Wheat futures for March delivery rose 1.2 percent to settle at $6.5275 a bushel on the CBOT. The price is up 13 percent since mid-December. Futures fell 18 percent this year, capping the biggest annual slump since 2008, on increasing world output.

Grain markets: {NI GRMKTS <GO>}


Coffee rose, paring its first annual drop since 2008, on signs that supplies remain tight. Sugar fell while cocoa rose.

In the season started Oct. 1, global coffee output will fall 3.4 percent from a year earlier to 128.6 million bags as bad weather hurts crops in Central America and Colombia, the International Coffee Organization said Dec. 13. Demand has climbed 2.5 percent annually in the past decade, according to the ICO. A bag weighs 60 kilograms, or 132 pounds.

Arabica coffee futures for March delivery climbed 1.2 percent to settle at $2.2685 a pound at 2 p.m. on ICE Futures U.S. in New York. The commodity retreated 5.7 percent in 2011, after advancing 77 percent last year and 21 percent in 2009.

Raw sugar for March delivery dropped 0.9 percent to close at 23.3 cents a pound on ICE. This year, the sweetener tumbled 27 percent, the first annual decline since 2007, as expanding production in Asia and Europe more than offset a drop in output in Brazil, the world’s leading cane grower.

Cocoa for March delivery gained 1.2 percent to $2,109 a metric ton in New York, halting a five-session slump. The commodity plunged 31 percent this year, the biggest annual loss since 1999. Output is rising in western Africa, the largest producing region, amid concern that the European debt crisis will curb demand for the chocolate ingredient.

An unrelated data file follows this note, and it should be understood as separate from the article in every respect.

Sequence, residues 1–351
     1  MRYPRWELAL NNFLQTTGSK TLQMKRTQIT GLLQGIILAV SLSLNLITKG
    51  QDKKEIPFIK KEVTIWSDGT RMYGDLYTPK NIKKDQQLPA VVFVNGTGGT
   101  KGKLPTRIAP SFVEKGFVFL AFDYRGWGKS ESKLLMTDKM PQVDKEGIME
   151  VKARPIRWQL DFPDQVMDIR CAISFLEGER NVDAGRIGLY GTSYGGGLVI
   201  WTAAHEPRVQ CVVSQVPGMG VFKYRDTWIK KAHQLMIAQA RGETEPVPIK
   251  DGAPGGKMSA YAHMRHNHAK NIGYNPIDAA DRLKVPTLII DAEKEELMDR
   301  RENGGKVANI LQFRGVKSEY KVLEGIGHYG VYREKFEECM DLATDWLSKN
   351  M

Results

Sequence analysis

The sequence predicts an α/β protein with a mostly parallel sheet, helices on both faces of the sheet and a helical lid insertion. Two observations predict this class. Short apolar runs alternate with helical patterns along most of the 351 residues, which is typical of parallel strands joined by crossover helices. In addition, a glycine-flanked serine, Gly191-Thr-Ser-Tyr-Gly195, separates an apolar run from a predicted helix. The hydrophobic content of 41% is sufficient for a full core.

In London futures trading, robusta coffee advanced, refined sugar declined and cocoa rose on NYSE Liffe.

Soft commodities markets: {NI SOMKTS <GO>}


Cattle futures fell, capping the longest slump since October, on speculation that demand for beef may slow after U.S. prices climbed to the highest in a month. Hogs gained.

Wholesale choice beef fell at midday for the first time in three days, after rallying 19 percent in a year and yesterday reaching $1.9468 a pound, the highest level since Nov. 29, U.S. Department of Agriculture data show. Export sales of beef fell 6.7 percent to 13,693 metric tons in the week ended Dec. 22, from a week earlier, the government said today.

Cattle futures for February delivery fell 0.7 percent to settle at $1.2145 a pound at 1 p.m. on the Chicago Mercantile Exchange, after dropping to $1.214, the lowest level since Dec. 22. Prices slipped for a fourth day, the longest slump since Oct. 31. The commodity was up 12 percent this year, the third straight advance, on the outlook for decreasing production.

Feeder-cattle futures for March settlement dropped 0.7 percent to $1.488 a pound on the CME. The price reached a record $1.508 on Dec. 28. Futures rallied 20 percent in 2011.

Hog futures for February settlement rose 0.4 percent to close at 84.3 cents a pound in Chicago, capping a 5.7 percent gain for the year.

Livestock markets: {NI LVMKTS <GO>}

--Editors: Charlotte Porter, Richard Stubbe

To contact the reporter on this story: Mario Parker in Chicago at

To contact the editor responsible for this story: Bill Banker at